Illinois pheasant numbers down some but still above 5-year average
By Greg Breining
Illinois hunters can expect a season that’s perhaps not quite as good as last year, but is still better than average.
Spring crow counts suggest “we’re down about 12 percent from last year but we’re still above the 10-year average,” says Wade Louis, habitat team program manager for the Illinois Department of Natural Resources.
As always, northeastern Illinois will produce the most birds. “Livingston, McLean, Ford, LaSalle counties — anywhere in the northern half of the state you find good habitat, you will find birds,” Louis says.
Winter, spring and summer weather have been favorable for birds. Illinois is rarely cold or snowy enough to severely impact pheasants. Parts of the state have received heavy rains though. “Locally we could have some mortality,” says Louis, but the effects probably aren’t widespread.
Illinois is not the pheasant state it was in the 1970s. “There was a boost in the early ’90s with the CRP program. Then it went down again and we stayed pretty steady over the last 10 years or so,” says Louis.
The reason — no surprise — is grassland habitat. Many pheasants alive today owe their survival to the Conservation Reserve Program known as State Acres For wildlife Enhancement (SAFE). The largest safe acres in Illinois are in the east-central region.
The key to finding birds this fall is finding some of this high-quality habitat, Louis says. Look for grassland with a mix of native wildflowers and grass species near crops. Avoid overgrown fields of dense grass without much diversity where it’s too hard for birds to run around.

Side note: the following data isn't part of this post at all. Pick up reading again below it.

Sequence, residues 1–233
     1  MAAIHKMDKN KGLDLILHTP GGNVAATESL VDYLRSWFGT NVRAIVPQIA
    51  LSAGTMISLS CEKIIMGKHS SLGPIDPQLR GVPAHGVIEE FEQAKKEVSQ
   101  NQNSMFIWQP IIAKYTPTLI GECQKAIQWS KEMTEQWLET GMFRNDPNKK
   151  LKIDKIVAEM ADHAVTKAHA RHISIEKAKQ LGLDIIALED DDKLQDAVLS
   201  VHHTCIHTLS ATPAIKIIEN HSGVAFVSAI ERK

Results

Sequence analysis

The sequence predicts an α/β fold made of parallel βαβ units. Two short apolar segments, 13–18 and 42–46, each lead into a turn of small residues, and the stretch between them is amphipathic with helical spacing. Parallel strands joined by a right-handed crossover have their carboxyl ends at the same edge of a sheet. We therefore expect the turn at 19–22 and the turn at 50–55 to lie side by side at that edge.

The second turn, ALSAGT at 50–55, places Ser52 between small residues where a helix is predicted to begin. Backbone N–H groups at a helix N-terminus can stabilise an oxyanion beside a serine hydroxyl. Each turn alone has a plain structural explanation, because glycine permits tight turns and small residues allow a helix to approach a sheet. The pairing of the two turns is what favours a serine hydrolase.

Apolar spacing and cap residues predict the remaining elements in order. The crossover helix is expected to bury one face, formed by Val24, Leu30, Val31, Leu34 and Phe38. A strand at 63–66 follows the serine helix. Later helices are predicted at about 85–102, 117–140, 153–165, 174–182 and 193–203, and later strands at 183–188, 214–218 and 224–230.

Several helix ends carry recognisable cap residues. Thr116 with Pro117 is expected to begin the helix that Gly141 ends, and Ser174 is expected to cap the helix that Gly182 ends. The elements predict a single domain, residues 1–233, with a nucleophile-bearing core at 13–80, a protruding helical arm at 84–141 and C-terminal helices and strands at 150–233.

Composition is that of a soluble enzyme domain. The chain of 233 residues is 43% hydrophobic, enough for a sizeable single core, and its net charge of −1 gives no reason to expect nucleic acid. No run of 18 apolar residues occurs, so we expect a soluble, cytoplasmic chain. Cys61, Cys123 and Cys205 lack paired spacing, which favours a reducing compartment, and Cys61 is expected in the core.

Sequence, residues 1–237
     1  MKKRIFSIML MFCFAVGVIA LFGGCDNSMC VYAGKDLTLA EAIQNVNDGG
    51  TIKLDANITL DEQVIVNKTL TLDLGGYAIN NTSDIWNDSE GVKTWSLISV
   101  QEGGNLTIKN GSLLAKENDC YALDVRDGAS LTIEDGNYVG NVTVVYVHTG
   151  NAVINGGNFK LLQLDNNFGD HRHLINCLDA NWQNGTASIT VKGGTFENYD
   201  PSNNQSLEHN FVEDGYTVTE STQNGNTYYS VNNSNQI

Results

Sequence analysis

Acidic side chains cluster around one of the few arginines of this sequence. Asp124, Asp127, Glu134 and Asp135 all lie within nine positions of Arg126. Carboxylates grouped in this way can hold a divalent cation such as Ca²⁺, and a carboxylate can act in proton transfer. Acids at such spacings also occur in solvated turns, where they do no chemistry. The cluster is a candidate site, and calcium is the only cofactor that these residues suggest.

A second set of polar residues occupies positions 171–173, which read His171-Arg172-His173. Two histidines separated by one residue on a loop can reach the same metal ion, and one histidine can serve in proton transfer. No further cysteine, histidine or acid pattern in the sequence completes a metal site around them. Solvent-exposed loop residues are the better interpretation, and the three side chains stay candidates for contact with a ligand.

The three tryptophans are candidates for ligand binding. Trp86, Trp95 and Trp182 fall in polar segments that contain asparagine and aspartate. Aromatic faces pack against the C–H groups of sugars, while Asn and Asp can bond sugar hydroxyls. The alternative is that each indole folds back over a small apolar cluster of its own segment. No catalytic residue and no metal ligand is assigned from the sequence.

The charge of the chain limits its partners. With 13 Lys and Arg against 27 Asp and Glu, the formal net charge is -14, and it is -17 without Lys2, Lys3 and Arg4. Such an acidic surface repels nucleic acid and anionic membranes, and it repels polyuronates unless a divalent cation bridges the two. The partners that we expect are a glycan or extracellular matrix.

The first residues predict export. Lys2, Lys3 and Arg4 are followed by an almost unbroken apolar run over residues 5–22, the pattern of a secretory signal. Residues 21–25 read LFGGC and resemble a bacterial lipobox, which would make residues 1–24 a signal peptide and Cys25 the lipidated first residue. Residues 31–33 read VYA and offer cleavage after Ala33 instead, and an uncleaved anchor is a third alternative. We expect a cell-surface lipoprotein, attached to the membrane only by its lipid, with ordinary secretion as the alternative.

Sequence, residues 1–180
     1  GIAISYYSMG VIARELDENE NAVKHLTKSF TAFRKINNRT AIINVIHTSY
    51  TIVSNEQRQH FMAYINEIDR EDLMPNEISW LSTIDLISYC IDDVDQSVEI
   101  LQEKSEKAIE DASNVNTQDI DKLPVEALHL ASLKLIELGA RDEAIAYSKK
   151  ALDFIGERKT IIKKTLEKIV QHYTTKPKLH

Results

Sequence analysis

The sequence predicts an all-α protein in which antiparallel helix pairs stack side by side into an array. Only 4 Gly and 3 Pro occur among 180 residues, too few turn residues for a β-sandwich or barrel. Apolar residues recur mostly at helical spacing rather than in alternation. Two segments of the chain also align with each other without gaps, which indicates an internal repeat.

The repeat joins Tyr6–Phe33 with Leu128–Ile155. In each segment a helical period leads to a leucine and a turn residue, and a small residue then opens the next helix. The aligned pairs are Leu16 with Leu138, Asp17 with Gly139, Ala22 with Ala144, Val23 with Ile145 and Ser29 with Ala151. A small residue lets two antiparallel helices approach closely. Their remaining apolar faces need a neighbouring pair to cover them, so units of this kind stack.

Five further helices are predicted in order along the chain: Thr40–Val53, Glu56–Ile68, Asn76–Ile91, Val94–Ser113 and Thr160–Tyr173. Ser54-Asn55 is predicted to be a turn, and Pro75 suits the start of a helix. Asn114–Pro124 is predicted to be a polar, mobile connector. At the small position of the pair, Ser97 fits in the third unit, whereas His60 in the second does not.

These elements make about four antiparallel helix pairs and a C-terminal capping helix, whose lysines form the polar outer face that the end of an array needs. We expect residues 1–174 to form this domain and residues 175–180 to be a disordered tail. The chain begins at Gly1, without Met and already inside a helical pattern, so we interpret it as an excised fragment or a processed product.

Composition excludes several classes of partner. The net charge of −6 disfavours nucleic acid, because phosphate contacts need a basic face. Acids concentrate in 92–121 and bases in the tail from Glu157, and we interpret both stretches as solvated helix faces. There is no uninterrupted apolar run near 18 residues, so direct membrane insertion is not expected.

In a state that is 97 percent privately owned, a big challenge is finding access. Private land is a great option, if you can swing it. If not, try Illinois Recreational Access Program (IRAP) lands. These are private lands leased for hunting, available to hunters who sign up.
According to Tammy Miller, special programs manager for the Illinois Department of Natural Resources, “As of today, we have five counties — Christian, Henry, Knox, Scott, and Whiteside — totaling approximately 1,150 acres that have upland game hunting on them through IRAP.”
If You Go
Upland game hunting through IRAP occurs the last three weekends in December. A group of up to four hunters can hunt a two-day weekend in December. Hunters must complete an application and send to IRAP for a lottery that will be held about 25 days before each hunting weekend. For details, click here
The pheasant season this year runs November 6 – January 8 in the north and November 6 – January 15 in the south. Daily bag is 2 roosters; possession limit is 6. (Exception: On the second day of the hunting season, you may possess no more than twice the daily limit.) See state hunting regulations for upland game zone boundaries.